Two veteran midcourters proved their class and tenacity in new colours. Former Lightning teammates and premiership winners Kelsey Browne and Laura Scherian were switched on and off regularly for Fever and Thunderbirds respectively, and neither committed a turnover in 40 minutes court time. Browne had a field day servicing her Jamaican shooters with 19 assists, while Scherian’s was a dogged yet steadying impact player for Adelaide at quarter time,  giving Tania Obst plenty of options to rotate the midcourt and guide the younger athletes. At the end of 2023 it seemed possible that both players’ elite careers were ending, but the first round showed that this would have been premature indeed.

Alice Teague-Neeld continued her strong form of 2023, with a dominant opening round performance. She contributed 50 feeds and 19 centre pass receives in Fever’s win.

One of the key match-ups of the weekend was the tussle between centres Kate Moloney (Vixens) and Molly Jovic (Mavericks). The hard running pair almost negated each other’s efforts, but both provided a pivotal link between attack and defence.  

The defenders

The league’s best defensive unit were pivotal in the Thunderbirds narrow victory over the Firebirds. The back three of Shamera Sterling-Humphrey, Tilly Garrett and Latanya Wilson combined for a monster 18 gains. That included 9 intercepts, 20 deflections, 3 rebounds and 6 pickups. 

Courtney Bruce was slow to warm up in her first game as a Lightning player. Up against Sam Wallace-Joseph, who was strong in the air and on the move especially with silver platter service from her mid-court, Bruce was only able to record one gain and three deflections in the first half. A slight tinker to the midcourt, with more defensive pressure coming from the injection of Ava Black alongside Mahalia Cassidy really allowed Bruce into the game for the second half. She added an extra deflection and three clean intercepts to her stat sheet which were key in rallying her side to a strong opening round victory.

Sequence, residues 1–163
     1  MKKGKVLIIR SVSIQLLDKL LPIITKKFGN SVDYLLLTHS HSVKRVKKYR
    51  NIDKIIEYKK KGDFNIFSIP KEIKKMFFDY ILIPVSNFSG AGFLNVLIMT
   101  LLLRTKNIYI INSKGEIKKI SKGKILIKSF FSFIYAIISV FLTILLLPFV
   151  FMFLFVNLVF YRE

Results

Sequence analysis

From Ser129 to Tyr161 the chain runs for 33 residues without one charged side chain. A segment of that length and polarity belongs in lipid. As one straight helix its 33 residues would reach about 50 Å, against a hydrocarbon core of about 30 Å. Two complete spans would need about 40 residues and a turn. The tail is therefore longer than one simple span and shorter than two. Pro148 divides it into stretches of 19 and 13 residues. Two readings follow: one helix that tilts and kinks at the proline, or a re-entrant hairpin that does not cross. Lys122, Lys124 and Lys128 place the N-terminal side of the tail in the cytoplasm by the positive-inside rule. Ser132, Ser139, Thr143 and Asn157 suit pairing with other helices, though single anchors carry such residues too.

Courtney Bruce grew into the game in Round 1. Image: Marcela Massey

Courtney Bruce grew into the game in Round 1. Image: Marcela Massey


Fever’s defensive pressure on Giants’ shooter Sophie Dwyer paid dividends. With fast and smooth shooting being such a key part of Dwyer’s game, Fever’s defensive trio of Kadie-Ann DehaneySunday Aryang, and Fran Williams combined to put great pressure on the shot and never let the goal attack get into a rhythm. As a result, Dwyer ended the match with 22/32 at just 69% and it affected her confidence in other areas. She’s too good a player to not come back from this one poor game, but on this occasion, the tactic worked well in Fever’s favour. 

In contrast, West Coast’s successful attacking game plan was based largely on nullifying Jodi-Ann Ward. The athletic Jamaican defender normally pulls in dazzling intercepts at will – in round one she had only one gain via a deflection. Shanice Beckford never stopped offering and clearing, not offering long racing leads which are easily chased down. The Fever goal attack waited off the top of the circle and a little bit wide before her entry, distracting Ward and allowing tall wing attack Alice Teague-Neeld to take the best feeding position in all three channels, By checking where the Giants’ goal defence was covering, West Coast simply put the ball elsewhere, to a safe reset or a swing across court.  Even when Giants ran at the ball outside the circle to build pressure, their teammates weren’t able to back up, making retention of possession easy for Fever, as they converted 88% of centre passes and 100% of Giants’ turnovers.

Fever v Giants Round 1 SSN. Image: Danny Dalton

The all-Jamaican shooting end for Fever is humming. Image: Danny Dalton

In their game against Firebirds, it appeared to be a conscious decision from Thunderbirds to opt out of going for the super shot. They scored just two for the game, and for the most part, relied on scoring regular goals to stay in front, while Firebirds regularly pegged them back with two pointers. It may also have been a choice to not place too much pressure on new goal attack Lauren Frew. In the end, it was Georgie Horjus’s move from wing attack to goal attack in the last quarter, and her lone super shot with just over three minutes to go, which proved vital to their win.   

Shamera Sterling-Humphrey comes through for the flying intercept. Image: Hannah Howard.

Shamera Sterling-Humphrey comes through for the flying intercept. Image: Hannah Howard.

Stats performance of the week

Thunderbirds’ Shamera Sterling-Humphrey had 10 possession gains in total, made up of six intercepts, two deflections and two rebounds. 10 gains is the same number as the whole Firebirds team that she was up against. Meanwhile, at the other end of the scale, GIANTS could only manage three gains in their entire game against Fever. 

Across the eight teams, there was some good consistency to the scores – with six teams all posting results in the 60s. The stand outs were Fever and Lightning, finishing with 84 and 79 respectively. Largely due to their low error and high conversion rate, there was a lot of similarity for the key stats from both teams

Centre Pass to Goal: Fever 88% Lightning 90%
Gain to Goal: Fever 82% Lightning 88%
Turnovers: Fever 8 Lightning 10
Shooting Percentage: Fever 88% Lightning 91%
Gains: Fever 11 Lightning 8

With such similar stats, an exciting top two clash awaits in Round 2 when they go head to head as Courtney Bruce returns to Perth for the first time since her defection to the east coast.